Natural Remedies Excerpt
‘Diarrhea and Vomiting
There are two kinds of diarrhea: acute or chronic. The acute form often relates to “garbage gut”. Your animal has eaten something that has upset the stomach. If this continues longer than a day, see your veterinarian for an examination and fecal test, particularly if the animal is am outdoor type.
A sudden diet change can bring on diarrhea. Always make your switches slowly, over a period of ten days or more.
In any case of a persistent problem, whatever the cause, see a veterinarian. The problem often relates to inflammatory bowel disease and food allergies and can be caused or triggered by vaccinations. Many cases can be resolved with a homemade diet without chemical additives or special limited antigen diets. sold by veterinarians.
Parasites such as Giardia (protoza) can cause a horrendous watery and smelly diarrhea and can be picked up by drinking contaminated water. Giardia is prevalent in water coming out of the Rockies.
Many holistic veterinarians recommend probiotics for diarrhea. Probiotics are nutritional supplements, available at all health food stores, that contains billions of beneficial bacteria, such as Lactobacillus acidophilus and Bifidobacterium bifidum. Many strains of beneficial bacteria are normally present in the gut and perform numerous functions critical to health, including the production of important Enzymes, containment of pathological microorganisms, and protection against the formation of cancerous substances. Frequently animals become depleted as a result of taking medications and antibiotics. Antibiotics not only destroy pathogenic bacteria, but also devastate the population of good bacteria. The loss of these beneficial microorganisms can cause vomiting, diarrhea, liver problems, immune imbalances, and allergies.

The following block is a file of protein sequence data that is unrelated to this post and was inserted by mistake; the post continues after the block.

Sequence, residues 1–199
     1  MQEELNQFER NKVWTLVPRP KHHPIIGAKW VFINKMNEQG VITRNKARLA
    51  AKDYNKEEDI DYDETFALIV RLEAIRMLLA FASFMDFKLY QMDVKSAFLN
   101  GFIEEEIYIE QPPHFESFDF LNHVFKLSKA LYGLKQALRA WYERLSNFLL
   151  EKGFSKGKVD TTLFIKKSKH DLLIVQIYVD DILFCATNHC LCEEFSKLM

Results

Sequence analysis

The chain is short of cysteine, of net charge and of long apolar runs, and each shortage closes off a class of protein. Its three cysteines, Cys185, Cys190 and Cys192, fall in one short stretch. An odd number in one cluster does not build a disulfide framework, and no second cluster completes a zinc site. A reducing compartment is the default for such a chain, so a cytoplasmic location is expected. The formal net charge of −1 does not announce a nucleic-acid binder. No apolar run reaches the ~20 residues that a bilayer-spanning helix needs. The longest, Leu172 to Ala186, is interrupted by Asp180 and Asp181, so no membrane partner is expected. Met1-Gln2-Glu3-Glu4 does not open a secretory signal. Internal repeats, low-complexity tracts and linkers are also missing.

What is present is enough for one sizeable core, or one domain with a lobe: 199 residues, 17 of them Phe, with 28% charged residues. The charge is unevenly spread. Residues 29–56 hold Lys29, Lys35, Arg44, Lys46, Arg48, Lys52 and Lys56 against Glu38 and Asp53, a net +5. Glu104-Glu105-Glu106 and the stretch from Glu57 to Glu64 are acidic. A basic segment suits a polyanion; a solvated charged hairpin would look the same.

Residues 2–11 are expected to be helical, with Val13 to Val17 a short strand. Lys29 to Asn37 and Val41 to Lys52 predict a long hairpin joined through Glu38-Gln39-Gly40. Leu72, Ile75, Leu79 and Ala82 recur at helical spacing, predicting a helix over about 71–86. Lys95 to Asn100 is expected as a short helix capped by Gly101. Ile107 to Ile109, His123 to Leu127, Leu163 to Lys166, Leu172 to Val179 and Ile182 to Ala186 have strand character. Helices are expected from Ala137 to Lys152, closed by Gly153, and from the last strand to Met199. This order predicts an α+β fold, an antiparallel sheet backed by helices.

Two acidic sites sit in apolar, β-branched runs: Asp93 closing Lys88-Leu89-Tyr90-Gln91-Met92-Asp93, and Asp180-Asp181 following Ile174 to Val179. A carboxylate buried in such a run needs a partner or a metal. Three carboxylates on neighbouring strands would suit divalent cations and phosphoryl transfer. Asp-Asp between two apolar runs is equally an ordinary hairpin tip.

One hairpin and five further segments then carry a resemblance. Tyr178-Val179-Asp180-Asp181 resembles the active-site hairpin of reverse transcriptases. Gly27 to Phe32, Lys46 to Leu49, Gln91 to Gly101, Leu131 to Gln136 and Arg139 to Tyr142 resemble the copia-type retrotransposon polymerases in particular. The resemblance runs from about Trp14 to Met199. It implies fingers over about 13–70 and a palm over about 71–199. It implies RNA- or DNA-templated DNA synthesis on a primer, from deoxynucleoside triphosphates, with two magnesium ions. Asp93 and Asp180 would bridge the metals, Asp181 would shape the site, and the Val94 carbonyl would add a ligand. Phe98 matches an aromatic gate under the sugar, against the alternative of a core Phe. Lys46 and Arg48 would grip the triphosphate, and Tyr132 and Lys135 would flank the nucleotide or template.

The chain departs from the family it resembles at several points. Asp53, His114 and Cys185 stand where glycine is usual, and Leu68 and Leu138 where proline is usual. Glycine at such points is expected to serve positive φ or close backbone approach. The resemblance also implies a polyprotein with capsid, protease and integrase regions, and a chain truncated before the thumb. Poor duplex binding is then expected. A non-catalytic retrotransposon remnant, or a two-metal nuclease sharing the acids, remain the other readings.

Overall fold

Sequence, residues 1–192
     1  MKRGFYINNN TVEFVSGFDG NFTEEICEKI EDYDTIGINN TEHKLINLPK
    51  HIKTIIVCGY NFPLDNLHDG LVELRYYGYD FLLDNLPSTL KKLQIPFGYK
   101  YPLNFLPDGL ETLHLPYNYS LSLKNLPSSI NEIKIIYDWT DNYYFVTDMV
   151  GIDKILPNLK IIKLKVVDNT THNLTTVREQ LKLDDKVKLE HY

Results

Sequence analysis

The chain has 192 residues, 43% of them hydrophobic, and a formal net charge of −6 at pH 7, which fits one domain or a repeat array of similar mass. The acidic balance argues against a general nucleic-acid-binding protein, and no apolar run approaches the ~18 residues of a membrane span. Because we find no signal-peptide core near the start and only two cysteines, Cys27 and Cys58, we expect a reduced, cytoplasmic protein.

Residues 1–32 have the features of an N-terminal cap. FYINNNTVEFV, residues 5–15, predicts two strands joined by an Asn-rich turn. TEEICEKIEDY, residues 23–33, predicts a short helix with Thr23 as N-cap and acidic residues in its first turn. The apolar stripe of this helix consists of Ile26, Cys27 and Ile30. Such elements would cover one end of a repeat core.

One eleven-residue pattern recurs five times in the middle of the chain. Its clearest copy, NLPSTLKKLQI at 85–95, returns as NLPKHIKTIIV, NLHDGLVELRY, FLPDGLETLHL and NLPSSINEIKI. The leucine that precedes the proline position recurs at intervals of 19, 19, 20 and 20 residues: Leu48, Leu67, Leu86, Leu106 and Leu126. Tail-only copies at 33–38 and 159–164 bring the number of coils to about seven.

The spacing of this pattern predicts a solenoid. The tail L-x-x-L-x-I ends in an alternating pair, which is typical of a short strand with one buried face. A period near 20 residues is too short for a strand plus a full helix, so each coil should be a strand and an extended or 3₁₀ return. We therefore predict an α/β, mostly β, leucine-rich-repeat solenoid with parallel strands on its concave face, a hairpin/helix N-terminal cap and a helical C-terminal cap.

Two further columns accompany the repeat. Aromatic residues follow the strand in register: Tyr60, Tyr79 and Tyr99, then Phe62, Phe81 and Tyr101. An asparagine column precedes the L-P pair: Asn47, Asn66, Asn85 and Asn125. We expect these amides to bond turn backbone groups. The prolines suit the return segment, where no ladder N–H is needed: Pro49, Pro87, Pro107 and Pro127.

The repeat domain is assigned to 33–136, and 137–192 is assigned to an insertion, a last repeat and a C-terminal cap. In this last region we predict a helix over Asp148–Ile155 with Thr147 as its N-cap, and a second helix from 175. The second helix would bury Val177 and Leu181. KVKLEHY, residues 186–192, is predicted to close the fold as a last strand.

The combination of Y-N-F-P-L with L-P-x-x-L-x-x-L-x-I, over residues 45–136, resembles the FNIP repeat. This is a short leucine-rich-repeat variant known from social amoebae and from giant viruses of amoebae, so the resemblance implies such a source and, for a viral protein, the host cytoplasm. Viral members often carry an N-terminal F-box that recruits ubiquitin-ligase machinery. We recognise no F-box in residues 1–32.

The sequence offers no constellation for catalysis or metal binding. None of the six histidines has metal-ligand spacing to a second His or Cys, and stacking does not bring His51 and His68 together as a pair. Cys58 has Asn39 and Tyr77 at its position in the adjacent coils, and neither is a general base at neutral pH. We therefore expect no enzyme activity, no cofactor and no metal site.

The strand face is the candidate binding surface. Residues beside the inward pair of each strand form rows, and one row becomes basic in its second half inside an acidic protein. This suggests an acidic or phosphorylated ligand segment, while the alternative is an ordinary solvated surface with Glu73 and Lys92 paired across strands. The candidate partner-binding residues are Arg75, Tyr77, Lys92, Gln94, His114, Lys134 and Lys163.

There is no exact science for dosing. In general, give your cat the equivalent of about 3 to 6 billion microorganisms twice a day. Monitor your animal closely, and reduce the dose or discontinue the product if problems arise. There may be some individual variation in response. Some patients may be unable to accept a higher dose. This is likely owning to the overall health and condition of the digestive tract. A problem could indicate the presence of other digestive disorders that need to be identified by a veterinarian. It is a good idea to obtain a stool evaluation to determine bacterial status. A reevaluation of the stool after the probiotic has been given for some time is also useful to asses whether bacterial balance has improved.
The “Fast Solution” – Charles Loops, DVM
The large majority of diarrhea and vomiting situations resolve in twenty-four hours if you fast the animal. If the problem is diarrhea, provide only liquid for the twenty-four hours. If the animal is vomiting, do not give any food or liquid.
Be observant. If the diarrhea or vomiting are severe and continuing, see a veterinarian.
Baby Food after the Fast – Jean Hofve, DVM
The simplest solution for acute diarrhea is to withhold food for about twenty-four hours and then start the animal back on something bland, such as baby food. Any of the baby meat food is a wonderful remedy for initiating the eating process after the fast. Cats will eat it when they are too sick to eat anything else. But read the label. The product cannot have onion powder – this is toxic to cats. It will cause anemia if you feed enough of it. Baby food is not balanced and should not be relied on for long-term use, but merely as a transition to regular food.’ [...]